Daily Split-Adjusted Closing Price of WMT (January 1990 to December 1996) - Note that the stock price of WMT had also already bottomed in October 1990 - nearly two years before the trough in consumer credit growth in July 1992. Interestingly, WMT actually made a significant top a mere nine months after the trough in consumer credit growth - and despite continuing strong consumer credit growth through the end of 1996.

As I mentioned on the above chart, the stock price of WMT actually bottomed in October 1990 - nearly two years before the trough of consumer credit growth in July 1992! Folks who did not buy WMT or other retailers during the bottom in October 1990 simply because of declining consumer credit growth missed out on a great run. Interestingly, the same retail investor who bought WMT right at the bottom of consumer credit growth in July 1992 saw the stock price of WMT rise from $12 to nearly $16 over the next nine months - but $16 would mark a significant top WMT for the next four years. The price of WMT would not reach $16 a share again until July 1997.

So Henry, what are you now saying? Are you saying that WMT may actually be a buy here?

No, I am not saying this at all. At the end of the day, everyone will need to make his or her own decisions as an investor, but the above example is a lesson that "nothing is obvious" - and that any slowdown in housing may just prove to be relatively shallow as a revamped growth in consumer spending (not to mention corporate capital spending) take up the slack. Moreover, many of the U.S. mega-caps have been severely oversold and are undervalued relative to their valuations over the last 10 to 12 years - assuming that the bond market holds up over the next few years (even though I believe long bond yields have bottomed, I don't believe they will skyrocket from current levels). It is no coincidence that virtually all the recommendations of the Motley Fool's "Inside Value" publication have been the U.S. mega caps. Let's once again take a look at the most recent chart of WMT:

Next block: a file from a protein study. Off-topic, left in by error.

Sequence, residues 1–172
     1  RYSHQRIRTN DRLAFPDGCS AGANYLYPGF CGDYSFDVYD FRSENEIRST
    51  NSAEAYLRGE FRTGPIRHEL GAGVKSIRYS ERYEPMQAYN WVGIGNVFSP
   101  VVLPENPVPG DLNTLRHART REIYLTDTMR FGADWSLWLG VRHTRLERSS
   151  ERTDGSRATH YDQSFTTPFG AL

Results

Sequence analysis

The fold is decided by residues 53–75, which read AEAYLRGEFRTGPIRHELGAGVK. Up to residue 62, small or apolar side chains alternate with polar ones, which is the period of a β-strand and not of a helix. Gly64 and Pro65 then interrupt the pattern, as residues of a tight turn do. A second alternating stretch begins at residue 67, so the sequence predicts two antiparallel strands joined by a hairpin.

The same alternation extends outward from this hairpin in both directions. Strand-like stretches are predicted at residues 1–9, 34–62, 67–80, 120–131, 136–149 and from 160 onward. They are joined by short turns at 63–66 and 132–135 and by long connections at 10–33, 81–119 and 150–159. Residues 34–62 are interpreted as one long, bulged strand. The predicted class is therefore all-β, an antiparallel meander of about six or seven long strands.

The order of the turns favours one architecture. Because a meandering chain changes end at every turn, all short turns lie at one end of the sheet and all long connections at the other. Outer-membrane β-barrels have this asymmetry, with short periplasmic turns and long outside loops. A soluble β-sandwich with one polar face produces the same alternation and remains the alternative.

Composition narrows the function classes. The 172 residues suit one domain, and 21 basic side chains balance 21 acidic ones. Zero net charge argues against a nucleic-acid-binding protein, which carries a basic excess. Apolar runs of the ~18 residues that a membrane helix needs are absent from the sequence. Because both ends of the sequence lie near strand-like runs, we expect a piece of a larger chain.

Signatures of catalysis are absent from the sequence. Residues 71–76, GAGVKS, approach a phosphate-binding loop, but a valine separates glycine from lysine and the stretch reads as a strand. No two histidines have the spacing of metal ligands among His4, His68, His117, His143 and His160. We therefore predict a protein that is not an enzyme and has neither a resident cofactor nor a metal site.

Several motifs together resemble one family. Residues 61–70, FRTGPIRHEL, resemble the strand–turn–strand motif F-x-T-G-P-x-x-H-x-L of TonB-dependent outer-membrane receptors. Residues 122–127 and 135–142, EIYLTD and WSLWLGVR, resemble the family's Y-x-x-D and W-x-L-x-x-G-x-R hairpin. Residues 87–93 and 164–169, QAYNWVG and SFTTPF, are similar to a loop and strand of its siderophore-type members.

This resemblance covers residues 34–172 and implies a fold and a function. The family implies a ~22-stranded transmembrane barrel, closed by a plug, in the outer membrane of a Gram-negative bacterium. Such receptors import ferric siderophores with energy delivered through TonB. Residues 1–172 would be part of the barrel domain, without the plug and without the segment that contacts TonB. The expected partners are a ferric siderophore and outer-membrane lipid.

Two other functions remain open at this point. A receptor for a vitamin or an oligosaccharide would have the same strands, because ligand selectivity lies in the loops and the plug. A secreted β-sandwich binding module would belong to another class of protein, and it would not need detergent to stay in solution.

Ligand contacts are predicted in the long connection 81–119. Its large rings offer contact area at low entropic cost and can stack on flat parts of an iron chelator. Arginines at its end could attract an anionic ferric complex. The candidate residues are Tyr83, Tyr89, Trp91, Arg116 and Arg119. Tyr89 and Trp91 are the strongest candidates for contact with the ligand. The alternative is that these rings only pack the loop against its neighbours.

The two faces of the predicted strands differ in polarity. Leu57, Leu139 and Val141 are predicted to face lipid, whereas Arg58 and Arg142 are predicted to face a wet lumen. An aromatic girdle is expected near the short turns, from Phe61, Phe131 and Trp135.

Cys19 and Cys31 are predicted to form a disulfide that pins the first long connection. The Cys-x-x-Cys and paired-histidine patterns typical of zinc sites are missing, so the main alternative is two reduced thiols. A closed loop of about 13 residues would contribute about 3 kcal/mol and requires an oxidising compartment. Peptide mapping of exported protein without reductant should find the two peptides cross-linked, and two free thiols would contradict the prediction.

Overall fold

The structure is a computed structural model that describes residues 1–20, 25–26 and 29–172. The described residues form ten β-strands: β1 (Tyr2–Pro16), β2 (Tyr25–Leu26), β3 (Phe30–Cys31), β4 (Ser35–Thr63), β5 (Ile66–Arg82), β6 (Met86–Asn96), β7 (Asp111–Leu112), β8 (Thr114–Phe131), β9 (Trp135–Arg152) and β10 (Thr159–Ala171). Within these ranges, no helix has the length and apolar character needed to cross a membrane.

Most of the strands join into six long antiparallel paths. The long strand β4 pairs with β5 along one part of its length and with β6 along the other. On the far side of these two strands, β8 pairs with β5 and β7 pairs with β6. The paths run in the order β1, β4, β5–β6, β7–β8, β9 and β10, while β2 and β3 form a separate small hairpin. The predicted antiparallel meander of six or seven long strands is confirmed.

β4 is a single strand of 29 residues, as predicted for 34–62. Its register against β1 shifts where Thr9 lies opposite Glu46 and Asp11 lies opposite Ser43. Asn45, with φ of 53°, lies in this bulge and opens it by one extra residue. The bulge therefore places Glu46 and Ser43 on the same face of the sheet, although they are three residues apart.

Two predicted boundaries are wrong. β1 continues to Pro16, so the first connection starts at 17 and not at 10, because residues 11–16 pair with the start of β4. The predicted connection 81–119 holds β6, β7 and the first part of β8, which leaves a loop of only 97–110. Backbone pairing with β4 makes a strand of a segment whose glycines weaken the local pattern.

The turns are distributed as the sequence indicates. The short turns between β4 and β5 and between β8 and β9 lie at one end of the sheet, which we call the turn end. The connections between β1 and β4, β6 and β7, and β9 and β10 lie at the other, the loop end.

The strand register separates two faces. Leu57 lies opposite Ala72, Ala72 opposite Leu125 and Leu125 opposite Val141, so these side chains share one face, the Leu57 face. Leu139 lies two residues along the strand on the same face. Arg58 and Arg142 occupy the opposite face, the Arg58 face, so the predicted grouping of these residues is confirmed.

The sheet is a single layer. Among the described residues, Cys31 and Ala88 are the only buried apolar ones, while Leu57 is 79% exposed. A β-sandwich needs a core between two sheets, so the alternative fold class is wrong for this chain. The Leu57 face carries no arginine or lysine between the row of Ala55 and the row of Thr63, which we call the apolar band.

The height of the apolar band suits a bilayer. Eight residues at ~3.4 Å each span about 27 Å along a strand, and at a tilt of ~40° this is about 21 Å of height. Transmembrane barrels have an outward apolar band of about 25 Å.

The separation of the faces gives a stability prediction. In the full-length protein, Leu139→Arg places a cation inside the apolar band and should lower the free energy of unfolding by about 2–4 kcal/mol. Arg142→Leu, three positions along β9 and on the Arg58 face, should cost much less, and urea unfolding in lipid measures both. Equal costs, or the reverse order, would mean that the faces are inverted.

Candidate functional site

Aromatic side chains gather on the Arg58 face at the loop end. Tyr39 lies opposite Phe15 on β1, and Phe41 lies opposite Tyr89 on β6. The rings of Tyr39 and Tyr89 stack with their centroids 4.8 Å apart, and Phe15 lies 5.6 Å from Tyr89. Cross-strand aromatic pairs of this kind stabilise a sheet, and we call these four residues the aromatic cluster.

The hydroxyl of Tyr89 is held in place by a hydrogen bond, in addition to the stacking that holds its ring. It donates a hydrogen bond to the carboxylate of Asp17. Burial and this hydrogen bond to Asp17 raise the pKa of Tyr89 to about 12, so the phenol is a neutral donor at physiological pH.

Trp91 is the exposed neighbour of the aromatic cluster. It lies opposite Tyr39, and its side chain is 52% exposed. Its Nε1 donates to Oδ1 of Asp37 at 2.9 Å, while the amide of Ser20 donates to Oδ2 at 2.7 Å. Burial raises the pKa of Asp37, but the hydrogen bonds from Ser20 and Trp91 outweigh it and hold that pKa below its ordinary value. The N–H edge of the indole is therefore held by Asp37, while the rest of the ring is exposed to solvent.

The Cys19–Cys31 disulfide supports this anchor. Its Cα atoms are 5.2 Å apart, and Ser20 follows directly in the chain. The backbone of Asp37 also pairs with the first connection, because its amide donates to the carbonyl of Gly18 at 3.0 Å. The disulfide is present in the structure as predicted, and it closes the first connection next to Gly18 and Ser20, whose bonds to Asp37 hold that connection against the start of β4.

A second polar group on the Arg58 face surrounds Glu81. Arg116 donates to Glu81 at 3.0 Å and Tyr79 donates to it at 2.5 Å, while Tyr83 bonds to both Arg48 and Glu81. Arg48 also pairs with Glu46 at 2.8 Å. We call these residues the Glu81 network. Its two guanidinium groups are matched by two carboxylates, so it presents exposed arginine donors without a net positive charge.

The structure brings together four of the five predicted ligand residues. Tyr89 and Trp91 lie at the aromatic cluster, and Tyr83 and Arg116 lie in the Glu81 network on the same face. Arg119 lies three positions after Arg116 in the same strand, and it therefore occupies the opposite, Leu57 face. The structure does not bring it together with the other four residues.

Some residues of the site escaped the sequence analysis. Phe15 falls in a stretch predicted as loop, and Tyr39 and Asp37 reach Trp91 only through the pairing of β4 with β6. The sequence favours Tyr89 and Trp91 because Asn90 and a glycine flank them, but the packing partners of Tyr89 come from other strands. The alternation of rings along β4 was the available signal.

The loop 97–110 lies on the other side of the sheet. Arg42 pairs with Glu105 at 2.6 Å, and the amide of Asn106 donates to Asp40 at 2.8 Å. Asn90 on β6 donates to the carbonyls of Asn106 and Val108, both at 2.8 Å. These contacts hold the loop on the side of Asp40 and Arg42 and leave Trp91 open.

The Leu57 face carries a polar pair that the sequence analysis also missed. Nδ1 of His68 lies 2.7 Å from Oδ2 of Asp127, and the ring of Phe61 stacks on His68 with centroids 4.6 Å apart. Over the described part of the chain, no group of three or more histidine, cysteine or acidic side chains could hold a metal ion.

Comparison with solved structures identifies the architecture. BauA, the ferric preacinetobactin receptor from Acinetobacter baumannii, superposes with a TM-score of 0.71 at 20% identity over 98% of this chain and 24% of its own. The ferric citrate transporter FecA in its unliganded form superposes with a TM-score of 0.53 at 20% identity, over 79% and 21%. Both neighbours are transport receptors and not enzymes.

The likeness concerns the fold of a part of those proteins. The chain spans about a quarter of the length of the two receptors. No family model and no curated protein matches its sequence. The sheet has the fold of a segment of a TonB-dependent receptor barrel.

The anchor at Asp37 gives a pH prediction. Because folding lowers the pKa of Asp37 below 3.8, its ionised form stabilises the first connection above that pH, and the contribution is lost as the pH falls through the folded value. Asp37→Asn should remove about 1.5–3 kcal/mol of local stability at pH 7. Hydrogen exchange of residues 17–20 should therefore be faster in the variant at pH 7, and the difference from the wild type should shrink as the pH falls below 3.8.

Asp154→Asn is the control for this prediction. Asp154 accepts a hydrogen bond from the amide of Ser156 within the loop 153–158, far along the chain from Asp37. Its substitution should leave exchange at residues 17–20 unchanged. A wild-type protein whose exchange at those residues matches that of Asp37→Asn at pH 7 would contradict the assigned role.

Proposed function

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Henry To

Author: Henry To

Henry K. To, CFA
MarketThoughts.com

Henry To, CFA, is co-founder and partner of the economic advisory firm, MarketThoughts LLC, an advisor to the hedge fund Independence Partners, LP. Marketthoughts.com is a service provided by MarkertThoughts LLC, and provides a twice-a-week commentary designed to educate subscribers about the stock market and the economy beyond the headlines. This commentary usually involves focusing on the fundamentals and technicals of the current stock market, but may also include individual sector and stock analyses - as well as more general investing topics such as the Dow Theory, investing psychology, and financial history.

In January 2000, Henry To, CFA of MarketThoughts LLC alerted his friends and associates about the huge risks created by the historic speculative environment in both the domestic and the international stock markets. Through a series of correspondence and e-mails during January to early April 2000, he discussed his reasons and the implications of this historic mania, and suggested that the best solution was to sell all the technology stocks in ones portfolio. He also alerted his friends and associates about the possible ending of the bear market in gold later in 2000, and suggested that it was the best time to accumulate gold mining stocks with both the Philadelphia Gold and Silver Mining Index and the American Exchange Gold Bugs Index at a value of 40 (today, the value of those indices are at approximately 110 and 240, respectively).Readers who are interested in a 30-day trial of our commentaries can find out more information from our MarketThoughts subscription page.